Stage 3

Stage 2: Very hilly day indeed

8 April 2013

Barney has successfully finished day two and still in good spirits:

"Day 2 done! These jebels are masquerading under a false name, mountains feels far more appropriate. There was one really big long slog that was 15%, followed after checkpoint 2 with an absolute stinker that was 25% and two-thirds sand dune. Then a scramble that could have done with crampons, I was tootling over that at 1pm in the full heat of the day - luvverly! The hills were actually easier than yesterday, recovering my breathing so I can run on the flat. Finished in 6hrs 10, yesterday 6hrs 20, so feel I'm going similar steady pace. You may be wondering about the 1-hour time penalty? What am I not great at; paperwork, apparently we needed two pieces of medical bumff, not one, but 200 euros later full medical (= blood pressure!), I was good to go.

"I know loads of people are thinking of me, v grateful and your thoughts are keeping me going. If you want to send emails we get them a day later, but v gratefully received! I watched the man with the blade finish last night took 10.5 hrs - amazing! Fingers crossed for day 3!"

Stage 2

Stage 1: Japanese cows, firemen and bladerunners

7 April 2013

Sounds like Barney's in good spirits. He just sent this wonderful dispatch which gives a real flavour of what he's going through:

"Well that's day 1 in the bag! Sleeping in the tents is very dusty, windy, stony & surprisingly cold, which meant some changes in clothes selection - oh & a 9kg pack is kinda heavy after 23 miles. There were an unnecessary number of dunes today I felt, the right achilles is really quite angry and doesn't like them at all. The flat bits are fine, just hot, & the charming jebels (hilly bits) get the lungs working nicely. Some people out here are incredible - there is a lunatic japanese guy wearing a cow suit that did it in about 8 hours. There are also firemen wheeling some disabled people in incredible contraptions & a guy doing it with a blade instead of his right calf/foot - how he managed the dunes I have no idea! The scenery is stunning, think Mars & every Harrison temple of doom film set. Biggest personal niggles are worrying that the achilles might snap, bizarrely it prefers running than walking, which the lungs vetoed on the hills. The shoulders are killing me because of the bag. However I am so lucky to be here, incredible!"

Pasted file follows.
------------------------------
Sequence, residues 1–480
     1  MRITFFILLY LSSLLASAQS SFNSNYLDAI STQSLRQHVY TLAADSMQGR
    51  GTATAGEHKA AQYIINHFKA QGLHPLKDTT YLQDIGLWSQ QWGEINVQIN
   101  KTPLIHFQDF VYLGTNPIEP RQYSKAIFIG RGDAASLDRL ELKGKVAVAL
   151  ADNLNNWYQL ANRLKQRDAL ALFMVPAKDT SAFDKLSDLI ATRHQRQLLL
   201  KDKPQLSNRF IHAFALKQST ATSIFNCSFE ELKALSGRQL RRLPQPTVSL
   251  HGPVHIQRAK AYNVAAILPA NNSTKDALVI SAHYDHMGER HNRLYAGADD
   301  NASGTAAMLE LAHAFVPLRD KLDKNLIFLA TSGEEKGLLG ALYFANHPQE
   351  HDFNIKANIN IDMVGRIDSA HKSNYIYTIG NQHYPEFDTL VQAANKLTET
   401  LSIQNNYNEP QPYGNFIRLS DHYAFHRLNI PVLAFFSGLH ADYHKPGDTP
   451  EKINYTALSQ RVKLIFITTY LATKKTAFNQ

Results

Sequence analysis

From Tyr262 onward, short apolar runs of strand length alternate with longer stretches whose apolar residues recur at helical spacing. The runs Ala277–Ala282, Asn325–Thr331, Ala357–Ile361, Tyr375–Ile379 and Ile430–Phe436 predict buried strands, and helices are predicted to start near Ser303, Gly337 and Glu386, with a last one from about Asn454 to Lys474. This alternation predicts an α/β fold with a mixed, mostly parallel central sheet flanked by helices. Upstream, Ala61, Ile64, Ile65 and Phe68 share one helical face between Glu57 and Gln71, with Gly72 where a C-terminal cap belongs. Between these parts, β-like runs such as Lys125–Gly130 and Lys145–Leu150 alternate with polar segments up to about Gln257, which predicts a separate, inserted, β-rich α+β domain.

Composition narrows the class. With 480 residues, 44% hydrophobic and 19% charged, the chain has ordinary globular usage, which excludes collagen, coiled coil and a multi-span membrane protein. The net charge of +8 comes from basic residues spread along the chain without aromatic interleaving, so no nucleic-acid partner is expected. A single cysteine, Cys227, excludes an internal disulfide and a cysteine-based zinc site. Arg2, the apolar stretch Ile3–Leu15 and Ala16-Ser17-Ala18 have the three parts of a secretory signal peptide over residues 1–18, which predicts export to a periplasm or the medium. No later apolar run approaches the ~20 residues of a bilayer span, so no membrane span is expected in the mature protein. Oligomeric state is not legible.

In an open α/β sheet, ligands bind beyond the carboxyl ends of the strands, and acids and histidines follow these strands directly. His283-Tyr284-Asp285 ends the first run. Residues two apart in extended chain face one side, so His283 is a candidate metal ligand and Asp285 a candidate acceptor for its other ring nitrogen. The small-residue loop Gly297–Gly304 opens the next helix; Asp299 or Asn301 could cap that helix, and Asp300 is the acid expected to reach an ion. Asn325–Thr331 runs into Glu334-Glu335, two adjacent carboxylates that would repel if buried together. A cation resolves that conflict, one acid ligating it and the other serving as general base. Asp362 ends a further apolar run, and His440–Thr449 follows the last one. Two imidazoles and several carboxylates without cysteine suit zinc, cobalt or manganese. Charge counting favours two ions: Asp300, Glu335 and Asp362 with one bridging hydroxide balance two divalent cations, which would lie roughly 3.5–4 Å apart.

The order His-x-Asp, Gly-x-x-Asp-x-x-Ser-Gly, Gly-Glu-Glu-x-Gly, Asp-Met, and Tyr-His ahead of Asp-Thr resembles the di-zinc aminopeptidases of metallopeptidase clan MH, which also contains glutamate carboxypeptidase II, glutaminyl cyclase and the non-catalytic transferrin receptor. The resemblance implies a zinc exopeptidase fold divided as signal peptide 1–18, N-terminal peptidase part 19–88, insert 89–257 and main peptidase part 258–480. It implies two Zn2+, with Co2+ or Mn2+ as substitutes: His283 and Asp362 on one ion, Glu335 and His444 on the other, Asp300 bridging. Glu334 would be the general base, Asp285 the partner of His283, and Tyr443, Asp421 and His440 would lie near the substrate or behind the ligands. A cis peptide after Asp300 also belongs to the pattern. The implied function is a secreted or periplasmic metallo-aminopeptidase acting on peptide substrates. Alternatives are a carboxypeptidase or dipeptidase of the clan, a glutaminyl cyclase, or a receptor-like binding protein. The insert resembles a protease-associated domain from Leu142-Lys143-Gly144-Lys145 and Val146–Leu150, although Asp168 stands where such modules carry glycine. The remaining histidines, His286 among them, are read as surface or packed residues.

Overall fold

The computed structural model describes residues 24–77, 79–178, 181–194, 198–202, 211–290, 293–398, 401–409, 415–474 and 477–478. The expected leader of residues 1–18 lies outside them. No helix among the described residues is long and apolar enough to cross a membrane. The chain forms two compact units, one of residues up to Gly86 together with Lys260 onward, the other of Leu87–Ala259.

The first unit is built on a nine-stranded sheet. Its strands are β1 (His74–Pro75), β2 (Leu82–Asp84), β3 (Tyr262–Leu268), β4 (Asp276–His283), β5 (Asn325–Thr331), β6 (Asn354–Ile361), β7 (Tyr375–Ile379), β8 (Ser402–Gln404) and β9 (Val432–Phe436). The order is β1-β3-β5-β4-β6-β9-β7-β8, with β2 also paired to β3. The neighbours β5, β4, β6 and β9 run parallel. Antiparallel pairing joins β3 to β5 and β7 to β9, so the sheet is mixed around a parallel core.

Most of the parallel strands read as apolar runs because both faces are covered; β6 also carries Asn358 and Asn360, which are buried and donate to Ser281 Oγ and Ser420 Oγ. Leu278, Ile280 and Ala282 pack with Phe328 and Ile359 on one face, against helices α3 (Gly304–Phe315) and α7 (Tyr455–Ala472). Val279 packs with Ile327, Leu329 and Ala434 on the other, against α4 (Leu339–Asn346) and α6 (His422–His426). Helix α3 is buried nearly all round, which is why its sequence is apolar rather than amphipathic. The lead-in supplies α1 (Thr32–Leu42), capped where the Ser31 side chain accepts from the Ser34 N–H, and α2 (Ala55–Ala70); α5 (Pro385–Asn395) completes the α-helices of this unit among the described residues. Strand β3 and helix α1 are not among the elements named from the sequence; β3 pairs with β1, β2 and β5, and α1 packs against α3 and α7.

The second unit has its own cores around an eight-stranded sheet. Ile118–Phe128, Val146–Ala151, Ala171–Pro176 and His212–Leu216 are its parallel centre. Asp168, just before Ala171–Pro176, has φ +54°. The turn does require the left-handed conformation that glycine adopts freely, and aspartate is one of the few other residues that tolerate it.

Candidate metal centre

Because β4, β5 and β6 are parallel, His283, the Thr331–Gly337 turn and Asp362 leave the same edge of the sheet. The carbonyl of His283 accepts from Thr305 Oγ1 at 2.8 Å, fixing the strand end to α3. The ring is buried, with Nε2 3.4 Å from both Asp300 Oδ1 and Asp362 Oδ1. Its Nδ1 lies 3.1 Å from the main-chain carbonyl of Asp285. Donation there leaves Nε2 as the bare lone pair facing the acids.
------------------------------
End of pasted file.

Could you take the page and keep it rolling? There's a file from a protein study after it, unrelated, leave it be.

Barney and cow

The day before

6 April 2013

Barney spent the day getting ready for Sunday's start with a hearty breakfast and has already had to put up with a huge sandstorm in his tent!

There's no escape from the sandstorm - even in Barney's tent!

Arriving in Morocco

5 April 2013

Barney set off yesterday morning for Morocco, arriving in plenty of time for the race on Sunday. He stayed overnight in a hotel in Ouarzazate, ready to set off early this morning for the start of the race. Heading into the desert, Barney and the rest of the runners now have an eight-hour bus journey ahead of them.

Barney Kay at Le Berbere Palace hotel

All packed and ready to go

4 April 2013

Barney's equipment   All packed up

North East Regional Director of the NFU Barney Kay is all packed and ready to go. Looking at the contents of his backpack, there were doubts it wasn't going to fit, but after some careful packing everything is ready to go.

Barney set off for Morocco this morning, ready for the extreme six-day race which starts on Sunday 7 April.